Journal of Education and Practice www.iiste.orgISSN 2222-1735 (Paper) ISSN 2222-288X (Online)Vol.4, No.10, 201363of teachers with higher degrees to teaching at the secondary school level.Table 1:Weighted means and t-test of the responses of principals and teachers on the commitment of teachers withhigher degrees to teaching at the secondary school levelS/N Commitment to TeachingTeachers with higher degrees:Means t-value RemarksPrincipals Teachers1. Come to school regularly 3.7 3.6 0.97 NS2. Are punctual to school 2.5 2.6 1.52 NS3. Write and submit their lesson notes 3.5 3.4 1.01 NS4. Attend to their classes conscientiously 3.2 3.2 1.04 NS5. Give, mark and record students’ tests. 3.1 3.1 1.06 NS6. Fill school records. 2.9 2.9 1.11 NS7. Are involved in the conduct of examinations 3.8 3.7 0.94 NS8. Are steady in school 2.4 2.4 1.66 NSN1 = 84; N2 = 168; df = 250; t-cri = 1.96; Average t-cal = 1.16;S = Significant; NS = Not SignificantTable 1 indicates no significant difference in the mean responses of the principals and teachers in all theidentified performance indices, with t-values less than the critical t-value of 1.96. The null hypothesis wastherefore upheld.Hypothesis 2There is no significant difference in the mean responses of principals and teachers onparticipation of teachers with higher degrees in school activities at the secondary school level.Table 2:Weighted mean and t-test of the responses of principals and teachers on participation of teachers withhigher degrees in school activitiesS/N Participation in School ActivitiesTeachers with higher degrees:Means t-value RemarksPrincipals Teachers1. Take part in extra curricular activities. 3.0 1.1 2.24 S2. Participate in club activities. 3.7 1.8 1.99 S3. Participate in staff meetings. 3.3 3.2 1.11 NS4. Participate in PTA meetings. 2.8 2.6 1.21 NS5. Take active part in school discipline. 3.6 2.1 3.18 S6. Accept responsibilities from the principals. 3.1 2.9 1.83 NS7. Assist in all aspects of schoolwork. 2.9 1.03 3.52 S8. Show interest in school matters. 2.6 1.01 2.91 SN1 = 84; N2 = 168; df = 230; t-cri = 1.96; Average t-cal = 2.25;S = Significant; NS = Not SignificantTable 2 reveals a significant difference in the mean responses of the principals and teachers on participation ofteachers with higher degrees in school activities at the secondary school level. The t-values in 5 of the 8identified items are greater than the critical t-value. Besides the average t-value of 2.25 is greater than the criticalt-value of 1.96 leading to the rejection of the null hypothesis.7.Discussion of FindingsData analysis in hypothesis one revealed no significant difference in the mean responses of secondary schoolprincipals and teachers on the commitment of teachers with higher degrees to teaching. The null hypothesis was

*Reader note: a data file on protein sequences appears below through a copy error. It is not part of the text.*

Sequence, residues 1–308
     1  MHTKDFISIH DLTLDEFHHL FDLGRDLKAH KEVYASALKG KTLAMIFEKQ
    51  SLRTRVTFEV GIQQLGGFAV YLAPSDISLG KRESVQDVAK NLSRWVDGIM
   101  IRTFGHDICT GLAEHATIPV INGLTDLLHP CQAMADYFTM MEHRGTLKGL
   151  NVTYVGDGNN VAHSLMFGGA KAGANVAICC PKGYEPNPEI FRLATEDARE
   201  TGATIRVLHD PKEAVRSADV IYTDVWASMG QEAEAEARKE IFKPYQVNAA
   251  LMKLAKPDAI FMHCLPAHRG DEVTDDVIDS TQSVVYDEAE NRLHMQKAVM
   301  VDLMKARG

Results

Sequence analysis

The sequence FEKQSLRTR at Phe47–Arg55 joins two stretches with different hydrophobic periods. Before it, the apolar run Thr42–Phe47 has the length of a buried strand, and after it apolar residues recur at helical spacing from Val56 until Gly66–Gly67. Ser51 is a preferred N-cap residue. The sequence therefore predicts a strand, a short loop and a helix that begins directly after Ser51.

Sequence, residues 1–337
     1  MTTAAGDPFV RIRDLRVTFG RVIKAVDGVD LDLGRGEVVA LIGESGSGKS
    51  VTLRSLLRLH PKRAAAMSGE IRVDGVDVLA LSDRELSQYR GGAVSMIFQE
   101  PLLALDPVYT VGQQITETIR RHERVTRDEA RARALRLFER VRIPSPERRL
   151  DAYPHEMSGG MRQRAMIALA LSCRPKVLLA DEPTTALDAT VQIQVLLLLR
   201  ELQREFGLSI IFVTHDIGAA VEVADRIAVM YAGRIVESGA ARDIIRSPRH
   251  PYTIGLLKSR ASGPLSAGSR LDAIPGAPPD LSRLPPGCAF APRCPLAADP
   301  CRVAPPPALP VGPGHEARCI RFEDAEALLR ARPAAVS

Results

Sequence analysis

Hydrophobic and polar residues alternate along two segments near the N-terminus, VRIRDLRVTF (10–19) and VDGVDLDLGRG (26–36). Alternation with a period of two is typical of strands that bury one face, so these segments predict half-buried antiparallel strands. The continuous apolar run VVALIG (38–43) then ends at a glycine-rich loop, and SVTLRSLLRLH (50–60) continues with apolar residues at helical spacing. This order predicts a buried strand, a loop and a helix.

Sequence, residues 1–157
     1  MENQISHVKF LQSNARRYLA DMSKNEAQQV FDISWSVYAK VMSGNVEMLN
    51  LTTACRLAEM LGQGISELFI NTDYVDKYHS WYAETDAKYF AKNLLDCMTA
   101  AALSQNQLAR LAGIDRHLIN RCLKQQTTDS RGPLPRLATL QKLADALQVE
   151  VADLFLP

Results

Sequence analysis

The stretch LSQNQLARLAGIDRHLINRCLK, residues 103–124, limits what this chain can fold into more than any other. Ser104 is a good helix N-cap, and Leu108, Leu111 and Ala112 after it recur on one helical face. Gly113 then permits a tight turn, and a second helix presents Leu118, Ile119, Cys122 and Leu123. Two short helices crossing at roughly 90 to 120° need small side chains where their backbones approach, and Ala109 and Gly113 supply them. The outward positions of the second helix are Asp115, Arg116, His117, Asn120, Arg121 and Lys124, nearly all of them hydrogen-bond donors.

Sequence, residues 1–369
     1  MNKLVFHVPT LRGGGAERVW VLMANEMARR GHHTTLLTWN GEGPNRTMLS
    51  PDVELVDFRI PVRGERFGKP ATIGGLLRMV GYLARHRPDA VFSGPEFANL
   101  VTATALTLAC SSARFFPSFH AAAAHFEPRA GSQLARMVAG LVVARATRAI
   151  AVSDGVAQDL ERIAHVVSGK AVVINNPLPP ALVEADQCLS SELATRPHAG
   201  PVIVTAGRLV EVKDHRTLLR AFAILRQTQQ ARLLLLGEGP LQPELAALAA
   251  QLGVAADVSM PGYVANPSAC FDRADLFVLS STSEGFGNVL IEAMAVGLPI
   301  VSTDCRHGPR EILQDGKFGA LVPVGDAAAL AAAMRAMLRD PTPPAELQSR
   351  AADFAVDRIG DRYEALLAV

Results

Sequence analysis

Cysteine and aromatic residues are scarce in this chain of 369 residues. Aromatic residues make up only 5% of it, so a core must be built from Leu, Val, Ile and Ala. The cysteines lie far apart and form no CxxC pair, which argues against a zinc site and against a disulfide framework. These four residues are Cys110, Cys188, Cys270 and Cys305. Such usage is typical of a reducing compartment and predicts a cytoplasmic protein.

Journal of Education and Practice www.iiste.orgISSN 2222-1735 (Paper) ISSN 2222-288X (Online)Vol.4, No.10, 201364therefore upheld. Both the principals and teachers agreed that teachers with higher degrees are committed to theirduties as teachers. They prepare their lessons, go to class, give and mark assignments. The finding is contrary tothat of Groot and Van den Brulk (2000). These scholars noted from their studies that the low returns to educationreceived by over-schooled teachers serve as a disincentive for the teachers, resulting in poor job performance.Credentials, according to Gordon, Kane and Staiger (2006) have little to do with teaching excellence or workperformance. Hardwork or commitment to duties is not predicated on the level of education. Teachers withhigher degrees, though not sufficiently motivated, still perform effectively at the secondary school level in AkwaIbom State. Oftentimes they do these to justify their higher status and the leadership role they are expected togive to their subordinate.The test of hypothesis two indicated a significant difference in the mean responses of the principals and teachersregarding the participation of teachers with higher degrees in school activities other than teaching. The nullhypothesis was rejected. Most of the calculated t-values were greater than the t-critical. This study is in line withBattu, Balfield and Sloane (2000) who stated that teachers with higher degrees are not getting adequate returns totheir education at the secondary school level. This lowers their morale, hence affects their participation in schoolactivities that are not directly related to teaching. This is obvious because a number of teachers with higherqualifications seem not bothered by any school activities outside teaching. This could further be explained interms of the higher status obtained by these teachers. They see themselves as being superior to other teacherswith lesser qualification and hence should not partake in most of the activities they do.8.ConclusionBased on the findings of the study, the following conclusions were drawn: over-schooled teachers at thesecondary school level in Akwa Ibom State are committed to teaching, the poor returns of their educationnotwithstanding. Over-schooled teachers in secondary schools in the state show little interest in school activitiesoutside teaching.9.RecommendationsBased on the findings of the study and the conclusions drawn, the following recommendations were made:1. Teachers with higher degrees at the secondary school level should be encouraged throughmotivation to put in their best in the system.2. Teachers should be given better incentive to justify their higher educational status and serve as anencouragement for other teachers.3. The secondary school system should be re-designed to accommodate and attract teachers withhigher degrees.4. A policy should be put in place to recognise higher degrees at the secondary school level.ReferencesAaronson, P. F. and William, R. D. (2007). Supervision for today’s school (2nded.). New York: Longman.Abramis, R. K. (2004). The special nature of leadership. American Journal of Nursing, 69 (2).Adams, S. (1963). Toward an Understanding of Inequality, Journal of Abnormal and Social Psychology, Vol. 67(5): 422.Battu, H., Belfield, C. and Sloane, P. (2000), “How Well Can We Measure Graduate Over-Education and itsEffects?” National Institute of Economic Review, 171: 82-93.Campbell, R. (2003). Introduction to education administration. Boston: Allyn and Bacon.Campbell, R., McCloy, A., Oppler, D. and Sager, E. (1993). Quality Assurance and the Development of CourseProgrammes. Papers on Higher Education Regional University Network on Governance and Management ofHigher Education in South East Europe Bucharest, UNESCO.Dolton, P. and Vignoles, A. (2000), “The Incidence and Effects of Over-education in the UK Graduate LabourMarket”, Economics of Education Review, 19: 179-198.Federal Republic of Nigeria (2004). National Policy on Education. Lagos: NERDC Press.Gemmel, N. (1996). “Evaluating the Impacts of Human Capital Stocks and Accumulation on Economic Growth:Some New Evidence”, Oxford Bulletin of Economics and Statistics, 58: 9-28.Gordon, R. A. Kane, D. S. and Staiger, R. O. (2006). School Administration and Supervision: Important Issues,Concepts and Case Studies, 2nd Edition, Dupuque Lowa, Ecb Publishers.Green, F., McIntosh, S. and Vignoles, A. (1999). “’Over-education’ and Skills: Clarifying the Concepts”,Discussion Paper No. 435, Centre for Economic Performance, London School of Economics.